2. Limit Work In Progress

By allowing Work In Progress (WIP) limits allows the flow to be optimised at a given time by setting the maximum number of work items that can be completed for a stage of the workflow. When any workflow state reaches its work in progress limit, then no new work can be taken in. If there is no WIP limit on the board then it is not Kanban.

3. Manage Flow

The objective for Managing the flow is to make the flow smooth and efficient and reducing the Cost Of Delay. A good example for this is to reduce the batch size this will allow task to flow through the system much faster, the likelyhood would be delivered work hitting its target velocity.

4. Make policies explicit

All process policies around the Kanban should be transparent and fully understood. A good example of this is WIP limits which are clearly defined and published.

5. Implement Feedback loops

There are meeting ceremonies in Kanban such as Daily Stand-ups where the entire Kanban teams stand round and discuss items on the board. There are also review meetings to discuss impediments or how to improve the efficiency and flow for some processes.

6. Improve collaboratively / improve iteratively

Large queues are identified as bottlenecks when left idle by Managing Queue lengths we can reduce the lead times, reduce the risk of work being completed and improve quality using Kanban metrics and an Cumulative Flow Diagram.

Kanban Core Values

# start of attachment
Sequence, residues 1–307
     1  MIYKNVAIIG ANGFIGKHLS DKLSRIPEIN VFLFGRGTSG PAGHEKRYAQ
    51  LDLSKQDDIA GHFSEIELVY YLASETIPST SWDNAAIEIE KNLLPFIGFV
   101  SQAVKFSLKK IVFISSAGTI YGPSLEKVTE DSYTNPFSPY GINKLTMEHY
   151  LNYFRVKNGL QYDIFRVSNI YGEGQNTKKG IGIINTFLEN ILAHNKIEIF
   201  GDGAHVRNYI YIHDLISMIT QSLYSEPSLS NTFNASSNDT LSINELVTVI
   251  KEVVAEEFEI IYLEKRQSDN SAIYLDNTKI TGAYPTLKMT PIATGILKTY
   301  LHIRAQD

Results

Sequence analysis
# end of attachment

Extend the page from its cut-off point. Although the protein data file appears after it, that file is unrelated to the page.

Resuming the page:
There are nine core values to Kanban


The underlying principle is "...Start with what you do now...". For any system its very important to understand what the system does, but in order to gain the greatest of benefit, understanding the detail the more focused will be the solution. Its this mindset to embrace the process to be changed.


"...Agree to pursue incremental, evolutionary change..." - Incremental is very much an agile word, where delivering benefit over time in smaller pieces, where the sum of the parts make the whole.


"... Initially, respect current roles, responsibilities & job titles ..." In Kanban there is an understanding that it is the people that perform the work and respect for their abilities is vital. Foundations for this is trust, to trust in there abilities and beliefs. Promoting positive challenge in the way we do and aproach things.

".. Encourage acts of leadership at all levels in your organization – from individual contributor to senior management ..." There is no one leader, its always encouraged to lead from the front. No matter how small it is important to take leadership on the task that you are assigned to do.


"... Manage Flow... " The three main variables for flow are smoothness, predictability and sustainability, the objective is to remove any obstacles, delays and impediments from the flow.

"... Manage to timely completion the smooth flow of customer-recognised value over a range of timescales ..."

"... Make policies explicit and Implement feedback loops ..." This is related to transparency, policies are related to process rules around the tasks in a Kanban and the service level agreements associated to them. Feedback loops focus on daily stand-ups where the work items are reviewed.

"Limit work-in-progress (WIP)" - this a strategy which allows the team to focus on what current tasks needs to be completed before a new task can be started, by using limits we are trying to optimise the maximum work that needs to be completed.

" ... Improve collaboratively, evolve experimentally ...", this is related to transparency, working collaboratively with the objective for handling the flow is imperative and allows the retrospective discussion towards improvement.

Kanban Metrics

The power of Kanban is the qualitative nature of it, there is clear analytics that can be driven from a Kanban board, it is important there is not too much work in the system. There are four main metrics in a Kanban board:


1. Work In Progress (WIP)